- Going into goats can provide a useful supplement to the income of other livestock enterprises without significantly increasing the demands on feed.
- Goat grazing habits mean they’re more likely to preferentially graze weeds over pasture. They rarely compete with other livestock species for feed resources.
- While there are additional challenges when managing goats in a high-rainfall environment, the financial benefits (where the primary motivation is reducing costs and increasing the effectiveness of weed control) can still set the challenges.
Diversifying into goats to help manage weeds has delivered significant environmental and financial benefits to NSW producers, Bill and Jacqui Perrottet.
Bill and Jacqui manage a 1,760ha mixed grazing business near Guyra in the New England region.
Goats account for approximately 5% of the total livestock units (DSE) managed by the Perrottets, running alongside beef, wool, dual-purpose sheep and cattle trading enterprises.
While goats are far from the primary income generator in the Perrottets’ business, they have provided a useful supplement to the income of the other livestock enterprises without significantly increasing the demands on feed.
The Perrottets diversified into goats in 2001 to manage woody weeds and thistles including blackberries, Nodding thistle and Scotch thistle, which thrive in their high-rainfall zone and can increase at a rapid rate without suitable control.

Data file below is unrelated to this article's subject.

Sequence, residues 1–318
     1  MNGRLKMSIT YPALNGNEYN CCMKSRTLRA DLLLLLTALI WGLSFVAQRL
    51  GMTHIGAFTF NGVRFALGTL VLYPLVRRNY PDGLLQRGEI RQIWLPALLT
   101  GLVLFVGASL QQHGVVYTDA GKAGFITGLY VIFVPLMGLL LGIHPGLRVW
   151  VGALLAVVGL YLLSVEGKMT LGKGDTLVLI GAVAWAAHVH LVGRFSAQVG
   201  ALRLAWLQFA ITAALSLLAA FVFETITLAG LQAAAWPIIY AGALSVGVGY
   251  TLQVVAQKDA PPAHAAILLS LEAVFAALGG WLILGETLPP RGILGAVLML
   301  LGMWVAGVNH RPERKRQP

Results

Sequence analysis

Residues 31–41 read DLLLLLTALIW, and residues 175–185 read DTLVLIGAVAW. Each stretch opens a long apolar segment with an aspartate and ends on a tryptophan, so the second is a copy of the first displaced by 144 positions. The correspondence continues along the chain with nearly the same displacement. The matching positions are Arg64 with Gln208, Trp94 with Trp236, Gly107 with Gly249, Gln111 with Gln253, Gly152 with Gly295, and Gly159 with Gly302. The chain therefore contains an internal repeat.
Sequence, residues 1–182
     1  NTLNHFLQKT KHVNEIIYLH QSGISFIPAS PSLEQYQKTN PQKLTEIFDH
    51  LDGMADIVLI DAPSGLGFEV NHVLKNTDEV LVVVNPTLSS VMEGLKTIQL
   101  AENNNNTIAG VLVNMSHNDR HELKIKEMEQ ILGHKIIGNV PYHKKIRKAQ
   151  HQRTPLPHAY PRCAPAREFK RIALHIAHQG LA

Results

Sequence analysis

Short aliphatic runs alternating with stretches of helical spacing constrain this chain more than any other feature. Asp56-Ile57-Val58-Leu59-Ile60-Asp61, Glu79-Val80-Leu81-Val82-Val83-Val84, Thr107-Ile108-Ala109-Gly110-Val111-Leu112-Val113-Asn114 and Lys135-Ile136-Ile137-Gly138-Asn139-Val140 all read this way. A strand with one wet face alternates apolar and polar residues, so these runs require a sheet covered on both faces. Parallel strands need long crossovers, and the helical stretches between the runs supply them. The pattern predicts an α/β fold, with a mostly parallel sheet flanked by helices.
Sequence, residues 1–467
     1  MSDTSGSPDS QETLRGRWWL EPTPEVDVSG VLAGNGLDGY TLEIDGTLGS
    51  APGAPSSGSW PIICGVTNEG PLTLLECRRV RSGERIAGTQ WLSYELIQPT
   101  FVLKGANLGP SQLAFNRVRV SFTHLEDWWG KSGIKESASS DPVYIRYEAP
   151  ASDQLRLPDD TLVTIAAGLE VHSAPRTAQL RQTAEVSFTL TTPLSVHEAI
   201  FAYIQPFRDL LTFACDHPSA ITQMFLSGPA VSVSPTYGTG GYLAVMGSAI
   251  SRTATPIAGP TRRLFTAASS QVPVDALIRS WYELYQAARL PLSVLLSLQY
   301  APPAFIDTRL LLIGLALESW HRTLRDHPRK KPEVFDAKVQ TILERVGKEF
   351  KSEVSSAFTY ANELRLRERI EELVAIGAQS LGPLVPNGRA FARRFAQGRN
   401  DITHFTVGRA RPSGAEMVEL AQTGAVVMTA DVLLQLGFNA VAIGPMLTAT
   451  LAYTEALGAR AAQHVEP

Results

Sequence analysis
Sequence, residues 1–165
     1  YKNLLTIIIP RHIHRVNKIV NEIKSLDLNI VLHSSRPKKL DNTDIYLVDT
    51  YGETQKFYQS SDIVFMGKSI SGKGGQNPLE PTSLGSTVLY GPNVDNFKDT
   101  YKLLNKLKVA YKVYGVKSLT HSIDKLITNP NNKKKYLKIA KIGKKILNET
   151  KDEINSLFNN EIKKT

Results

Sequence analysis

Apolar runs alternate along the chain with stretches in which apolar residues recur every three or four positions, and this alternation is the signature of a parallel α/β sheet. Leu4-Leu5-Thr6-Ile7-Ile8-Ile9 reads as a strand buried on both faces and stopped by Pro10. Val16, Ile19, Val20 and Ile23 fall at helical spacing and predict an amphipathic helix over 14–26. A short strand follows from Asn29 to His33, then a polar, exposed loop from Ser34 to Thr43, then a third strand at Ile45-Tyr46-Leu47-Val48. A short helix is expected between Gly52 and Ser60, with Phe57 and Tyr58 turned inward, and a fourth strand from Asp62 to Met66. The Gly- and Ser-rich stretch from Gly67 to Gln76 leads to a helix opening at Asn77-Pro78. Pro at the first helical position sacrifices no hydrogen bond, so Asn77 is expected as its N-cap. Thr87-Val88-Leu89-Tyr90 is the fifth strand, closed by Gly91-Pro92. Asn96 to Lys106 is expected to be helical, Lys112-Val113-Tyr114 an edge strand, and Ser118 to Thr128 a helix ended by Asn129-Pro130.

Bill said the goats didn’t compete excessively for the conventional pasture base with other livestock, but they increased the total business return in the process.
“The pasture is consumed by the goats but the proportion of total intake appears to be minimal. This means the goats are rarely competing with other livestock for feed resources,” he said.
In fact, the weeds appear to be preferentially grazed by the goats over the pasture due to their grazing habits.
“Woody weed infestations accounted for up to 50% of total ground cover on some areas of the farm 20 years ago. Today, that’s down to 2% in the same areas,” Bill said.
Bred for resilience
One of the biggest challenges faced by the Perrottets by introducing goats to their business was managing the impact of altitude and the high-rainfall climate.
To combat this, the couple developed their own rainfall-tolerant breed of goat called Urandangie Brown, a mix of Australian rangeland goats and the Boer breed.
“We select bucks from our own breeding herd based on yearling live weight, foot structure and resilience to internal parasites.
“Our aim is to have a very low maintenance herd that can manage the conditions and right now, they’re looking magnificent with 430mm of rain recorded to date for 2020.”
Was it worth going into goats?
When assessed at the whole-business level, Bill said there was no marginal overhead cost in managing goats as the additional operational time is conducted with existing labour.
“In fact, since introducing goats, our herbicide costs have decreased significantly and they now represent less than 1% of the total overhead cost base of the business,” Bill said.
The total marginal benefit of the goat enterprise to Bill and Jacqui equates to $29,800/year, demonstrating that goats can generate reasonable marginal returns for businesses even though their margins may be lower than alternative enterprises.
Bill, who has experience managing goats in a rangeland environment, said while there are additional challenges that come with managing goats in a high-rainfall environment, the financial benefits (when the primary motivation is reducing costs and increasing the effectiveness of weed control) can offset the additional challenges.